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Report highlights need for foreign direct investment to ‘reignite’ private sector

By Batool Ghaith - Jun 22,2022 - Last updated at Jun 22,2022

AMMAN — The launch of the “FDI Qualities Review of Jordan: Strengthening Sustained Investment” report on Wednesday highlighted the need for foreign direct investment (FDI) in the Kingdom following the economic repercussions of the pandemic.  

The report was jointly written by the OECD and the government of Jordan, represented by the Ministry of Investment, and measured the contribution of FDI to sustainable development and identified policies to increase its positive impacts, according to an OECD statement. 

The government of Jordan is pursuing an “ambitious reform agenda” to “reignite” private sector investment and more widely share its benefits, the report notes.

Jordan can implement more coherent sustainable investment strategies by strengthening coordination across ministries and by engaging in both public-private and social dialogue, the report adds.

The report recommends authorities to adapt policy reforms to the evolving global FDI trends, in addition to digitalisation and climate change, to support the emergence of a more inclusive, greener and knowledge-based economy.

“Attracting FDI that supports sustainable development is particularly relevant in Jordan where FDI is a substantial source of external financing. The FDI stock-to-GDP ratio currently exceeds 80 per cent,” the report says.

According to the OECD statement, the recommendations in the report are based on international practices and standards that can help Jordan leverage FDI to finance the Sustainable Development Goals (SDGs), fulfil the commitments made in the Paris Agreement and optimise the strength and quality of the recovery.

The report highlights the Kingdom’s effort to create a new Ministry of Investment, which hosts all investment-related bodies.

“Beyond efforts in the area of investment, the authorities are undertaking other legal and regulatory reforms to boost competition, streamline tax incentives, address labour market inefficiencies and skills shortages, foster gender equality and advance the low-carbon transition,” the review stated.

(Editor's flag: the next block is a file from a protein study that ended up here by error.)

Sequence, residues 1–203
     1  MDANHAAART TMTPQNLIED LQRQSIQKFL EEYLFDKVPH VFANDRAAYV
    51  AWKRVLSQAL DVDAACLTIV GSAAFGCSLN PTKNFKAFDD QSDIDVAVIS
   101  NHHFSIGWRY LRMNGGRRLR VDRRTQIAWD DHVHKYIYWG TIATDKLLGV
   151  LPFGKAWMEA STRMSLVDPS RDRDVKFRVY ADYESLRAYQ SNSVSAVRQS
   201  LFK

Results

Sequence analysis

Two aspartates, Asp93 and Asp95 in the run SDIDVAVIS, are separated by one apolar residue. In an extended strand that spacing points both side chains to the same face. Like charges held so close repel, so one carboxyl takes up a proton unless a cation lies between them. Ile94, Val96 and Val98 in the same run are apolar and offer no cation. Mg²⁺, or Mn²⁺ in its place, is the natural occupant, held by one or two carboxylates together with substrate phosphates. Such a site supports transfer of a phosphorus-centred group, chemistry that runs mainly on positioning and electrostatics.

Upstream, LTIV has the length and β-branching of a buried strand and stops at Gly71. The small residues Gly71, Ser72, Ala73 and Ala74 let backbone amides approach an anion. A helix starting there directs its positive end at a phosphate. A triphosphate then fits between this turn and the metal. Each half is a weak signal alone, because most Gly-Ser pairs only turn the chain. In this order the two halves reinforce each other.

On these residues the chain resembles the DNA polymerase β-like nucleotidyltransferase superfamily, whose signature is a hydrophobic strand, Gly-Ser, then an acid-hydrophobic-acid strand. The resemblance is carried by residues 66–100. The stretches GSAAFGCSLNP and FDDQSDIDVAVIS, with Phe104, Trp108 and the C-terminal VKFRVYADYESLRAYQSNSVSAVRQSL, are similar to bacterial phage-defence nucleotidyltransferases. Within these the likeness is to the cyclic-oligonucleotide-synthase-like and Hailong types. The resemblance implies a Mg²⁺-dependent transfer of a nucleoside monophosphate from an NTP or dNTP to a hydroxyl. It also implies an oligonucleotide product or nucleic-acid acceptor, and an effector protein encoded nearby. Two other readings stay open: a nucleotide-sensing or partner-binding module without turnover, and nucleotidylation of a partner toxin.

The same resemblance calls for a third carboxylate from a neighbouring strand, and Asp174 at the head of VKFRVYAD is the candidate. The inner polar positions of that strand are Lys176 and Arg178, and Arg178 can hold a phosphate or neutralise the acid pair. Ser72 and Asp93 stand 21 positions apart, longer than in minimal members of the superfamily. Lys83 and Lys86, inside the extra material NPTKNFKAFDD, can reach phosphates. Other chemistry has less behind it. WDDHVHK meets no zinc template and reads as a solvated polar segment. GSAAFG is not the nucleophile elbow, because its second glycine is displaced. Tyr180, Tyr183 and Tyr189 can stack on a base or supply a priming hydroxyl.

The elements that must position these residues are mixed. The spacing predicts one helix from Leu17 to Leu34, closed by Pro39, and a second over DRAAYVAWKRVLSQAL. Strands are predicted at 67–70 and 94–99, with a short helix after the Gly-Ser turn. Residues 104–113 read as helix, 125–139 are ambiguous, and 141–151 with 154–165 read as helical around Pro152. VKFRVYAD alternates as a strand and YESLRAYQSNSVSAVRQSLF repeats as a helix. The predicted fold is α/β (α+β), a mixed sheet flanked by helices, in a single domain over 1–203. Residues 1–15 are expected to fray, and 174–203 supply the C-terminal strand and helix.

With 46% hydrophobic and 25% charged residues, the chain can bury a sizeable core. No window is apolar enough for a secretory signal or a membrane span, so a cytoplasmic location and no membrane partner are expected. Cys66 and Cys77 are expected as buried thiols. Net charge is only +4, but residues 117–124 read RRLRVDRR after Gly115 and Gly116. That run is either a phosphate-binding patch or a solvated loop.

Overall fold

Jordan’s renewable energy sector, business, financial and health services, transport and logistics, and ICT sectors have received relatively more FDI in recent years compared to the manufacturing or the construction sectors, according to the report. 

These sectors have a “strong potential” to generate economy-wide productivity gains, support a low-carbon transition and create better-paid jobs that can meet the aspirations of Jordanian youth and women, including the highly educated, the report shows.

The report says that various legal and regulatory barriers negatively influence the impacts of FDI on sustainable development in Jordan, such as “lengthy steps” to start a business and legal barriers preventing women from participating in the labour market.

According to the report, opening additional services to FDI could support productivity growth in the Kingdom, while simultaneously supporting progress in other sustainability areas. 

The sectors that currently attract the most FDI in Jordan, including real estate, construction and oil and gas-related energy are not the sectors contributing the most to innovation, de-carbonisation or creation of skilled jobs, the report notes.

Secretary General of the Ministry of Investment Zaher Al Qatarneh noted that the report is a reassessment of the current situation in the Kingdom, especially after the pandemic, in a way that helps improve the quality of FDI in achieving sustainable development goals and in line with international trends.

Qatarneh indicated that the report includes two main pillars: First, providing indicators about the impact of FDI, and second, finding a set of policy tools for the best practices for institutional preparation and the necessary mix of policies to provide an opportunity to achieve the benefits of sustainable development for investment.

According to Qatarneh, the ministry is carrying out a number of measures that are in line with the priorities of the government, which is working on preparing the draft of the ministry’s strategy for the years 2023-2027.

 In this draft, the government’s priorities for investment are translated into strategic goals, projects and programmes with a clear and direct impact that contribute to achieving His Majesty’s vision for a better future.

He also noted that the ministry is currently working in cooperation with the Central Bank and the Department of Statistics to develop a framework for building a modern, accurate and comprehensive database. This will help policy makers and decision makers identify the status of foreign investment in the various economic sectors in the Kingdom and its distribution according to economic activity.

The Executive Director of the Jordanian Strategy Forum Nisreen Barakat, noted that sustainability is “a major pillar” in the Economic Modernisation Vision, which calls for Jordan to be active in its pursuit of sustainable development goals and to comply with the global approach towards a green future. 

This is in addition to stimulating investments in sustainable projects and supporting investments for projects that preserve the environment, as well as providing good, decent and sustainable jobs for youth, Barakat added.

“This will help Jordan become a low carbon, resource efficient, socially inclusive country, and a regional hub for green entrepreneurship and innovation,” she said.

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